All 55 counties announced school closures for Monday. About 20,000 teachers walked out February 22, keeping almost 277,000 students out of class.
Union leaders say the teachers won’t return to work until they get a 5% raise.
The pay raise remains in legislative limbo. At the state capitol in Charleston, a conference committee has been appointed to resolve the differences between the state Senate and House.
It’s not known when the committee will meet, so it’s possible the strike could stretch out for days.
The waiting frustrates parents, students and union leaders, who’ve marched and crowded the state capitol for legislative hearings.
Danette Fulton, a special education teacher from Harrison County, said she’s eager to return to the classroom.
“Last night, the Senate was given the opportunity to end this, but they have chosen to hold our students hostage,” she said. “Maybe we have been misunderstood because we are not only fighting for affordable insurance and a livable wage, we are fighting for the future of our students.”
“We’re playing with people’s emotions, their livelihoods and it directly affects our students,” said Christine Campbell of the American Federation of Teachers. “This is unprecedented. It’s confusing and I think (teachers are) disheartened by the process.”
Legislators have defended their actions.
“We took our time — this body was deliberate with it,” Sen. Charles Trump said Saturday night on the Senate floor. “The people of West Virginia expect us to do what is right. This is right.”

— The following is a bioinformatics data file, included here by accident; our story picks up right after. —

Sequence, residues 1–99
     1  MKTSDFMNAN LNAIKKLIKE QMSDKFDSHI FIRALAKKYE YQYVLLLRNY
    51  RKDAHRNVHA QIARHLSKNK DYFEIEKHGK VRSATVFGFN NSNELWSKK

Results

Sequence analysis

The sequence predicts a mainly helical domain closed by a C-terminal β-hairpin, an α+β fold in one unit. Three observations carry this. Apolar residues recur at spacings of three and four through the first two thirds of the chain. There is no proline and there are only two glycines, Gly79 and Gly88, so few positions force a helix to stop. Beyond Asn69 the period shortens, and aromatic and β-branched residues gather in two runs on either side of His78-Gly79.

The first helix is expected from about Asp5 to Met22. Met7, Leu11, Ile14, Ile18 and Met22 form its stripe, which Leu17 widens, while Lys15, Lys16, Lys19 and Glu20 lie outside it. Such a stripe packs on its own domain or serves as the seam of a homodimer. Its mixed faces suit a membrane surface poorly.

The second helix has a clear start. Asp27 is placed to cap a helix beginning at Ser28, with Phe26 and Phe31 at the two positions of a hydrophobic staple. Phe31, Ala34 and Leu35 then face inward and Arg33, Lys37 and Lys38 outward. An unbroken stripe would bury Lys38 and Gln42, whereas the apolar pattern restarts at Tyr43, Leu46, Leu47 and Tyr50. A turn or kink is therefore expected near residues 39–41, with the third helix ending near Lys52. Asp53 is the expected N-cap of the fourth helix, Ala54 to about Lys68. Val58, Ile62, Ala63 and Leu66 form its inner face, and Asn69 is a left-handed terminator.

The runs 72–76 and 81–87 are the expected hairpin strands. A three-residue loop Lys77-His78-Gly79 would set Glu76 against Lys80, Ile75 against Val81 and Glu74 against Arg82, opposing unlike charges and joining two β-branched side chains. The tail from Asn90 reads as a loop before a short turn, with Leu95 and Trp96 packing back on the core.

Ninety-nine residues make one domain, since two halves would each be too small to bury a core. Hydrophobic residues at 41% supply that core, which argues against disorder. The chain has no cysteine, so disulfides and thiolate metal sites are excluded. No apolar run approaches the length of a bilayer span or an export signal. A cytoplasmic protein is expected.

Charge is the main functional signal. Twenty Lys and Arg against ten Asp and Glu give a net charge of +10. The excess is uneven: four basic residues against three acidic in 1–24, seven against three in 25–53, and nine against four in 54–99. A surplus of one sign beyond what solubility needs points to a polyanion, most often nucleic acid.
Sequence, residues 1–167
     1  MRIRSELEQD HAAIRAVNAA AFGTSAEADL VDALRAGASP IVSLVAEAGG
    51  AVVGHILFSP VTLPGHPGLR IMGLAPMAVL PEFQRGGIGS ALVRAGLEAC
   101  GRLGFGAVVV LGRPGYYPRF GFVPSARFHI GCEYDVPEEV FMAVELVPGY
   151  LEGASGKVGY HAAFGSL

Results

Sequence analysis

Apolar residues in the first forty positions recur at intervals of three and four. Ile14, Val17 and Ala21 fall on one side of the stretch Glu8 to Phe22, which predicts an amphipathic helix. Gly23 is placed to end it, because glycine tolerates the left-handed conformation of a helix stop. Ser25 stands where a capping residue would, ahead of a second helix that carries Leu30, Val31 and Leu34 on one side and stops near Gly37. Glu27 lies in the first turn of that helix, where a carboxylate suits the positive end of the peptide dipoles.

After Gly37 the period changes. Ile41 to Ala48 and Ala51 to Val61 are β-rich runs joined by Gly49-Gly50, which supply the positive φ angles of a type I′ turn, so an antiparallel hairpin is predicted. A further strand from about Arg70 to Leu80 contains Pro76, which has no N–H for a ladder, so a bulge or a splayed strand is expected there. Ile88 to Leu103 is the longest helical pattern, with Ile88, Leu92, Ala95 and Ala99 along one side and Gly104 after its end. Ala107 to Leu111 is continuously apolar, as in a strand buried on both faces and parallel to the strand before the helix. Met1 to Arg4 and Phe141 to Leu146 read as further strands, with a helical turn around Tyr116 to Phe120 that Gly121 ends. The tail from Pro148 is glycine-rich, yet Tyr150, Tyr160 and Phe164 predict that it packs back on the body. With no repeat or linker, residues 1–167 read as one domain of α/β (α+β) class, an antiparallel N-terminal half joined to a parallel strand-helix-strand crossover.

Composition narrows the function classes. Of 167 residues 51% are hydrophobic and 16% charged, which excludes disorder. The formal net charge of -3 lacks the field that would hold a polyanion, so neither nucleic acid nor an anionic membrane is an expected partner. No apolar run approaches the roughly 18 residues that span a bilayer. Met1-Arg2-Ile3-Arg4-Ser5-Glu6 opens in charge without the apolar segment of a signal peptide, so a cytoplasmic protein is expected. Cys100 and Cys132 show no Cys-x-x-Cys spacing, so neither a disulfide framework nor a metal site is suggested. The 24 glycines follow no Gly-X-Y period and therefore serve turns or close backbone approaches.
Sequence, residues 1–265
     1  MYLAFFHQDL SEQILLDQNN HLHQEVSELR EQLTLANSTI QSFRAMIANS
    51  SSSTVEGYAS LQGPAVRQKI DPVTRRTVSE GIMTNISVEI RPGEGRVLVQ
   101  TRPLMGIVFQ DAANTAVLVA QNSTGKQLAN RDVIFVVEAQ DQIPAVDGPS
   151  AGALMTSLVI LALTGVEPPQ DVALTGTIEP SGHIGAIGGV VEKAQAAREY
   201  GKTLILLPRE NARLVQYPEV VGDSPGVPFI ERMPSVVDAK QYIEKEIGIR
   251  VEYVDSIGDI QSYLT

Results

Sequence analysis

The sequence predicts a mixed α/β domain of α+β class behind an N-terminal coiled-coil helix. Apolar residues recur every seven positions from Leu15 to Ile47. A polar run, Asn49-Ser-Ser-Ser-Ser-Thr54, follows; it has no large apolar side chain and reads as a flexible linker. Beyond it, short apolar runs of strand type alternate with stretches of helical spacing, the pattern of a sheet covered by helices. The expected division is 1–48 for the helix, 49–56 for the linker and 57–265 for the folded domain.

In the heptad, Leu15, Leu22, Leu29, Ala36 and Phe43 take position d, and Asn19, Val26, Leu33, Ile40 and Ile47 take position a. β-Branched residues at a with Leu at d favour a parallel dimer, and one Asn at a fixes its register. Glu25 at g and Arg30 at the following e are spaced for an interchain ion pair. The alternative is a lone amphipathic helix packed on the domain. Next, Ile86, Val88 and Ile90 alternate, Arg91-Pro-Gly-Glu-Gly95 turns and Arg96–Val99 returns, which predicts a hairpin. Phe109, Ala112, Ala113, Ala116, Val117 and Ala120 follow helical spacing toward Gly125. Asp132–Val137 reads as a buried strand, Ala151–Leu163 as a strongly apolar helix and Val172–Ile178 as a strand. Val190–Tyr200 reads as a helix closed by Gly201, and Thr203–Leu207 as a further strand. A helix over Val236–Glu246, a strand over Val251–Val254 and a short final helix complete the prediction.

West Virginia public teachers earn an average salary of about $45,000, making them among the lowest paid educators in the United States.
Gov. Jim Justice and the union leaders agreed earlier in the week that teachers and service personnel would receive a 5% pay raise.
However, that raise must be passed as a law, since West Virginia is not a collective bargaining state.
The bill quickly passed in the House Wednesday, but Senate lawmakers expressed concern about how the state will fund the raise.
Democrats say new revenue projections show the money is there and that a difference of one percent would amount to $13 million.
On Saturday, after hours of passionate argument and discussion by lawmakers, the state Senate passed a version of the bill that provides a 4% raise.
The House voted not to adopt the 4% version of the bill. With no agreement between the chambers, the conference committee was created.
Three members from the House and three from the Senate — two Republicans and one Democrat — were selected. The group will have three days to come to a decision about the bill.
A brief period of confusion occurred Saturday night after the Senate believed it had voted for the 4% raise. But a House version of the bill, which favored the higher pay raise, had somehow been entered into the Senate voting system and was approved by unsuspecting Senate members. When the error was discovered, the Senate corrected the mistake and re-voted for the lower pay raise.
Elizabeth Yost, a teacher from Mercer County, said she was not discouraged by the votes in the legislature.
“When the events unfolded from there, it was evident we have a representative government in the Senate that abused power last night,” she said. “Today, my determination, and that of my colleagues, is stronger.”